What happened

Shares of General Electric (NYSE:GE) rose 11% in June, according to data provided by S&P Global Market Intelligence. That easily beat the roughly 6% advance for the S&P 500 Index. It also continued a trend that saw the stock rise by nearly 40% in the first half of 2019, versus the S&P's 17% increase. The big story here is that GE has largely stopped making negative headlines.

So what

In late 2018, General Electric transitioned to a new CEO, ousting a company veteran and bringing on outsider Larry Culp. It was something of a surprise to the market, but Culp had successfully turned around Danaher, a smaller industrial player, so investors and industry watchers were generally supportive of the change. That said, just about everyone was worried that the shift meant GE was in worse shape than originally thought.

Two men looking at blueprints with an industrial facility in the background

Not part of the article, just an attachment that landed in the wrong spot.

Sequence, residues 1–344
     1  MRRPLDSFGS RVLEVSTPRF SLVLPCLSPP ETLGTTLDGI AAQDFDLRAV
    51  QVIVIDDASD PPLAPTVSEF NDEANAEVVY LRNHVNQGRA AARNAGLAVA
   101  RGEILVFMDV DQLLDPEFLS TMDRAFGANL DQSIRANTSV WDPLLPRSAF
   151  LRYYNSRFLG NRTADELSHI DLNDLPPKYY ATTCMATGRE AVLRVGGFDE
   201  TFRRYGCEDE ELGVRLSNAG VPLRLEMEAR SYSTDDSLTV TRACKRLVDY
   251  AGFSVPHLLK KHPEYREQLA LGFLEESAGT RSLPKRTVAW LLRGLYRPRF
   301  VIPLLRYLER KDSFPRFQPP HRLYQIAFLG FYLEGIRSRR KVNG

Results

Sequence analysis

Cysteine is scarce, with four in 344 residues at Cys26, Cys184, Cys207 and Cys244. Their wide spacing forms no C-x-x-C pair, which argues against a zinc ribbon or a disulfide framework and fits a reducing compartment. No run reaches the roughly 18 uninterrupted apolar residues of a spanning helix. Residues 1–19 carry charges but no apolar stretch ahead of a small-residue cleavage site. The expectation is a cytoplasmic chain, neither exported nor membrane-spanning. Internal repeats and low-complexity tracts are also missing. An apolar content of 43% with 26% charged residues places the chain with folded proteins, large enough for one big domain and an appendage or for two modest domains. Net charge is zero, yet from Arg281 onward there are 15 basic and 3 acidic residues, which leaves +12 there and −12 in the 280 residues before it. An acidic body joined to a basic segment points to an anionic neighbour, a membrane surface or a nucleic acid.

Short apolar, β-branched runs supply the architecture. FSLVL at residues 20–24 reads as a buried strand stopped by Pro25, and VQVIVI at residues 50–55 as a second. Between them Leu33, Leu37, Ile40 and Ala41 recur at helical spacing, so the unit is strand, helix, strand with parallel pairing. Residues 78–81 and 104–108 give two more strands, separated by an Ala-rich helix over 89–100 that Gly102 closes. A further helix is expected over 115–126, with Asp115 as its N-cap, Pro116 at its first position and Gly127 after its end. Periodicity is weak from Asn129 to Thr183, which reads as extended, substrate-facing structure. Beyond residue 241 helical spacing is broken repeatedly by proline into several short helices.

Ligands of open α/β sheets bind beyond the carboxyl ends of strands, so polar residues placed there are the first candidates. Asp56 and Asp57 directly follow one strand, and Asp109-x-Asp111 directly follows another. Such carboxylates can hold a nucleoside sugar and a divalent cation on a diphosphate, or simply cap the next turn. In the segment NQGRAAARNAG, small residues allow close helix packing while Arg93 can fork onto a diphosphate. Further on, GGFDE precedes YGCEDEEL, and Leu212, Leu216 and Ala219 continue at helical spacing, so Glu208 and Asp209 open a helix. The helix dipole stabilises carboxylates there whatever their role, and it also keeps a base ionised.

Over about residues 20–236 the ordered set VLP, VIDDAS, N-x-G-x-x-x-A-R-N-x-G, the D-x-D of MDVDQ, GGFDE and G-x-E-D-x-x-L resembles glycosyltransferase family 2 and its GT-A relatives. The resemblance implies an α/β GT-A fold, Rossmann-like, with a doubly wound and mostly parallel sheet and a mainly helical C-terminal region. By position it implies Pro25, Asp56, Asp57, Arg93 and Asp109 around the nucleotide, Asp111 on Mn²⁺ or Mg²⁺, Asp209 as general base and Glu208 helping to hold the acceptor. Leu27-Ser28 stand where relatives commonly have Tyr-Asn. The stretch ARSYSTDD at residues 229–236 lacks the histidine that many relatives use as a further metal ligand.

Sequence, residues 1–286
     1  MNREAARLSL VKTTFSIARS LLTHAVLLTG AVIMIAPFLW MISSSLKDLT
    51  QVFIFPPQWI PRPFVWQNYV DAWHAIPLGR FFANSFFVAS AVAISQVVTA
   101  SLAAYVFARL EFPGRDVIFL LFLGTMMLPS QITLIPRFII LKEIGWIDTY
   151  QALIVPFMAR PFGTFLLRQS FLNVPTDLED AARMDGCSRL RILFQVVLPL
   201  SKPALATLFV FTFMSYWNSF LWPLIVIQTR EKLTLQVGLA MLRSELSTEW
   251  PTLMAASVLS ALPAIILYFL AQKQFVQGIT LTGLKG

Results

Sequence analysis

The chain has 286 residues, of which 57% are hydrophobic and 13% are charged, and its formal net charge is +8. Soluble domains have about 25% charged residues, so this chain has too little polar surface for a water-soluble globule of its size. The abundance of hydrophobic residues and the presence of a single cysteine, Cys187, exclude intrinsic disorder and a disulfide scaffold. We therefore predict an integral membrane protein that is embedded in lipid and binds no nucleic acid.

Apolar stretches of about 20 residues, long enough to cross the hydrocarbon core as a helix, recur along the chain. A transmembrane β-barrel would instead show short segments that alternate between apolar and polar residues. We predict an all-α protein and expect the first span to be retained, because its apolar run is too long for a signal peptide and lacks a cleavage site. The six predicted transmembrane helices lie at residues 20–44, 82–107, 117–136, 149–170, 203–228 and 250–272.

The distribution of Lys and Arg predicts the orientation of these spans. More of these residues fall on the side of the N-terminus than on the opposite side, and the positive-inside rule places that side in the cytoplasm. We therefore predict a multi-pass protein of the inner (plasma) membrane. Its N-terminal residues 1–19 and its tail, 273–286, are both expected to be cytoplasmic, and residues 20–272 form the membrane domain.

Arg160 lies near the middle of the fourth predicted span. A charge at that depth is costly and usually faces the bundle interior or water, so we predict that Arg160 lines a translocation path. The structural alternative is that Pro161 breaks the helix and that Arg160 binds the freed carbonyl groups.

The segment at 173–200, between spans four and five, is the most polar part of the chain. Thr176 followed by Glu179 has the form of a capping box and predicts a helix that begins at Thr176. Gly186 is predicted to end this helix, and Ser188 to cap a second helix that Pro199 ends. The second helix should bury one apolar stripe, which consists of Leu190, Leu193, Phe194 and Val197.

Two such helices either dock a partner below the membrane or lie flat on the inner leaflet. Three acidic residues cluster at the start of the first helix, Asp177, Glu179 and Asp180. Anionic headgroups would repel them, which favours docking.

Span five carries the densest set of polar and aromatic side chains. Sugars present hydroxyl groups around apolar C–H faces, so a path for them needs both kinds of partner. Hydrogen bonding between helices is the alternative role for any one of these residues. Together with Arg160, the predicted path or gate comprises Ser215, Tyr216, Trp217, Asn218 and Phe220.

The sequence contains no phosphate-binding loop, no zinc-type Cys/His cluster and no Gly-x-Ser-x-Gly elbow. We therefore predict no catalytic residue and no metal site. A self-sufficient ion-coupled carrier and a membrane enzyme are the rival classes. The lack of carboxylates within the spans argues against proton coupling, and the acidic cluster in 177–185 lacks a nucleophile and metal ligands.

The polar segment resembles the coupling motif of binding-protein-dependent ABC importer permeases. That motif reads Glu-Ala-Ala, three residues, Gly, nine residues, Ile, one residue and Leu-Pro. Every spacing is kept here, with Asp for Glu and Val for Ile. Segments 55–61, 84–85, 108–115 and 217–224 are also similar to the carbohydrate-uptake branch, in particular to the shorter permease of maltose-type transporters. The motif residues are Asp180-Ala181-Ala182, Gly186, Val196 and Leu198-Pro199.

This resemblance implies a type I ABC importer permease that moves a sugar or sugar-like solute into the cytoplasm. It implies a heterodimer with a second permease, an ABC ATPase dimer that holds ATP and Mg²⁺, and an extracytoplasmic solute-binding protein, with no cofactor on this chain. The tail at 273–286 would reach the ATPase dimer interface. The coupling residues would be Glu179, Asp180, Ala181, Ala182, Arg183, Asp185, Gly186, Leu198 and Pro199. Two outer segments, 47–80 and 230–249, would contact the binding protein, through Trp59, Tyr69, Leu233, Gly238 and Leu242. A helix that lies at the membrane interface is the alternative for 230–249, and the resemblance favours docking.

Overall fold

Image source: Getty Images.

Culp quickly confirmed those concerns with a series of disconcerting comments and strategic moves, including plans to sell assets, take asset writedowns, and lower the dividend to a token penny per quarter. After initially rising on the CEO change, the stock was actually lower by around 37% by the end of 2018 from the day of the announcement. 

With a broad stock market rally in 2019, GE's shares began to rise. But the news flow also turned a corner. That included the sale of a portion of the company's healthcare business, which helped alleviate fears over the industrial giant's heavy debt load.

The outlook solidified even more in June. In an update, Culp confirmed that 2019 would be a difficult transition year, but also outlined more definitive plans for the future. Importantly, the turnaround effort appears to be on much stronger ground than it was just a few months earlier. Investors are reacting to the positive directional shift by driving the stock higher.

Now what

Despite an increasingly positive view on Wall Street, the company is still a work in progress. As a turnaround situation, most investors will probably be better off avoiding it. But those with a little more risk tolerance may find the increasingly positive outlook attractive. Just remember that 2019 is still a transition year, so there could easily be more negative surprises before 2020 arrives.